Prelude, Op. 28, No. 20 (Chopin)

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Prelude No. 20 in C minor. This prelude, modified slightly, was used as the theme for variations in both Sergei Rachmaninoff's Variations on a Theme of Chopin and in Ferruccio Busoni's Variations on a Theme of Chopin.
Prelude Op. 28 - No. 20 by Ivan Ilic

The Prelude Op. 28, No. 20, in C minor by Frédéric Chopin has been dubbed the "Funeral March" by Hans von Bülow but is commonly known as the "Chord Prelude" due to its slow progression of quarter note chords.[1]

The prelude was originally written in two sections of four measures, ending at measure nine. Chopin later added a repeat of the last four measures at a softer level, with an expressive swell before the final cadence.[1]

Cultural legacy[edit]

There are a number of references to this prelude in contemporary culture, and these are just a few examples.

  • Ferruccio Busoni composed a set of variations (Variationen und Fuge in freier Form über Fr. Chopin's C-moll Präludium) on the Prelude No. 20.
  • Sergei Rachmaninoff used the Prelude No. 20 as his inspiration for "Variations on a Theme of Chopin," a set of 22 variations in a wide range of keys, tempos and lengths
  • Jean-Luc Ponty, Jazz fusion artist, included a version with violin improvisation on his album Storytelling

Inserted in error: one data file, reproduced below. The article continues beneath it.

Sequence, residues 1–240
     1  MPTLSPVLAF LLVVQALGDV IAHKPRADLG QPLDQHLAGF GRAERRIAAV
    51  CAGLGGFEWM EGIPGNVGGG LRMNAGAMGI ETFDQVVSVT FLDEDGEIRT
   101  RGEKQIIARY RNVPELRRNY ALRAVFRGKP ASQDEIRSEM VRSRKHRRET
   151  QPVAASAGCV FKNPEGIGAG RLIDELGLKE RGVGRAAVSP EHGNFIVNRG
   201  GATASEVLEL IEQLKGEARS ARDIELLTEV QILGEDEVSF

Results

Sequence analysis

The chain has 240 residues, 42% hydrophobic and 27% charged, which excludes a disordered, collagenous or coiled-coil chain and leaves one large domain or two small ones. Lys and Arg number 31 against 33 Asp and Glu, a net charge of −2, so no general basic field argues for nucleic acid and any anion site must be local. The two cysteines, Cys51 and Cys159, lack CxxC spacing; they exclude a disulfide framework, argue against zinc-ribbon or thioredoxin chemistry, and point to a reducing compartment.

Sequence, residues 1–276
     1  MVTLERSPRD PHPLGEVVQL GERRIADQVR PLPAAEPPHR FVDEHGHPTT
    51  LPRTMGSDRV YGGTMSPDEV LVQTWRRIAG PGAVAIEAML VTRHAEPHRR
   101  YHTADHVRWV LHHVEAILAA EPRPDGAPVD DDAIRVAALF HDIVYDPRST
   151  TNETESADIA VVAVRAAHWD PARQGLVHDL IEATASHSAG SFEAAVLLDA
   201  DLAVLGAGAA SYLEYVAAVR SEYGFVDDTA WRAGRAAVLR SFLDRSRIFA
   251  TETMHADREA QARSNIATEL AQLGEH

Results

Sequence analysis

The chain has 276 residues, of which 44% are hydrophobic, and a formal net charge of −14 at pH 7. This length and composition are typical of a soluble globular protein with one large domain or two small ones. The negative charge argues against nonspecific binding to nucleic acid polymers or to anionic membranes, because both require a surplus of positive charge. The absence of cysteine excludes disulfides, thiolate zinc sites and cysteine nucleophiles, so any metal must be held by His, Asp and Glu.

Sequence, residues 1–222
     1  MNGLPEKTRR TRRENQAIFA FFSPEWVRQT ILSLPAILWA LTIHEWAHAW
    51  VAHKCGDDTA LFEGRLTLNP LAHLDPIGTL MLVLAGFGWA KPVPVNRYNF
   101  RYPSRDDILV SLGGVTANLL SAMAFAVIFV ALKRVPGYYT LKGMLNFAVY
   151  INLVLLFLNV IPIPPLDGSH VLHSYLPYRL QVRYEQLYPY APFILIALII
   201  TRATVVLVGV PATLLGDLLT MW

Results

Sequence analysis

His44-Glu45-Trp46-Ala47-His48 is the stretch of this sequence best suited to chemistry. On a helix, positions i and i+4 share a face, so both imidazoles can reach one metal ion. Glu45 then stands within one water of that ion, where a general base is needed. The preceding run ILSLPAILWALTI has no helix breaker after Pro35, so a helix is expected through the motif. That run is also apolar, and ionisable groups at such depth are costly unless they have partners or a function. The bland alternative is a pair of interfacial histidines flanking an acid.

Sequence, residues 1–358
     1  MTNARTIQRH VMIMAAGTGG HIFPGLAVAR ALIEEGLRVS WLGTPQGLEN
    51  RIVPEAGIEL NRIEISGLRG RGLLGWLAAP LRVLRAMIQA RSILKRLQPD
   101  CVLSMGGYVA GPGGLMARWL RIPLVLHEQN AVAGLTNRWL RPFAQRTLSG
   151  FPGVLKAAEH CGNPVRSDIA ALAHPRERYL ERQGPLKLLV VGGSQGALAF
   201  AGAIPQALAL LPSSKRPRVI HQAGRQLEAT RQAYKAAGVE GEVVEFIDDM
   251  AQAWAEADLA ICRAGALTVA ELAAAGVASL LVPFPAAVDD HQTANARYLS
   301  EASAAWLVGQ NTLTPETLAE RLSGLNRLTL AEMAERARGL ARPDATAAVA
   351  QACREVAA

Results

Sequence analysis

• "Could It Be Magic" by Barry Manilow is based on Prelude No. 20 and reached #6 on the US charts in 1975. The song was later covered by Donna Summer and Take That. The song was also covered by French singer Alain Chamfort in 1975 under the title « Le Temps qui court ».
  • The intro and outro to The Moody Blues' early single "Love and Beauty", composed and sung by original member Mike Pinder, features this piano passage.
  • The 1988 film Madame Sousatzka features Shirley MacLaine teaching the Prelude No. 20 to a gifted piano student.
  • The metal band, Angra, recorded a variation of Chopin's Prelude No. 20 for their Rebirth album in 2001 entitled Visions Prelude.
  • The music for the Commodore 64 version of the videogame Ghosts'n Goblins by Mark Cooksey is based on the Prelude No. 20.
  • The funeral doom metal band Pantheist used part of Prelude No. 20 in "Envy Us," from their album O Solitude.
  • Ken Skinner recorded a version of the Prelude No. 20 as a jazz trio piece for the CD "Maroon" in 1996 under the title of "Farewell Europa".
  • Jazz trumpeter Chris Botti's 2012 CD "Impressions" includes a version of the Prelude No. 20 as the album's first track.
  • The Piano Guys includes variations of parts of the Prelude No. 20 in "Kung Fu Piano: Cello Ascends", where not only the variations are used in the finale, but they are also used in many parts of the piece as a harmonic element.[2]
  • Bill Evans Trio, with Symphony Orchestra, played this prelude in 1965, with an arrangement penned by Claus Ogerman (a Verve record); for this album, the prelude was then retitled "Blue Interlude".

See also[edit]


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